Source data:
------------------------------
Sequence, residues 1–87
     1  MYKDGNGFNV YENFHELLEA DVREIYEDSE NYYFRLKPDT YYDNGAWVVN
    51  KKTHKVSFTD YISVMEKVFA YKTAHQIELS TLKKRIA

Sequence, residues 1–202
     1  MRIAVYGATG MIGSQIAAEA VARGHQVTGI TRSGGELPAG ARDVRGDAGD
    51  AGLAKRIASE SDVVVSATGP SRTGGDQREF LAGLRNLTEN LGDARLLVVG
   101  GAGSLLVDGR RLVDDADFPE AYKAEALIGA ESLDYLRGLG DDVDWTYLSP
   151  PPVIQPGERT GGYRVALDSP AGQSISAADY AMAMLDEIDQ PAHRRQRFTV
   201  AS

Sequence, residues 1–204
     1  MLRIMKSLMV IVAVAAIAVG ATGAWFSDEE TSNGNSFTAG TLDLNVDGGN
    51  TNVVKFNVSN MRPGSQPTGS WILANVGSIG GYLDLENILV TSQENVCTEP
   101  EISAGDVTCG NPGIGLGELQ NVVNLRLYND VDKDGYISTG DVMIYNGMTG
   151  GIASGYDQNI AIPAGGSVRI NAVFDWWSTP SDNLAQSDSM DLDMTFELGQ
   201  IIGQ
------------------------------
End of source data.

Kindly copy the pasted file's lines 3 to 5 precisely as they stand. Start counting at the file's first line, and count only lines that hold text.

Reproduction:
    51  KKTHKVSFTD YISVMEKVFA YKTAHQIELS TLKKRIA

Sequence, residues 1–202
     1  MRIAVYGATG MIGSQIAAEA VARGHQVTGI TRSGGELPAG ARDVRGDAGD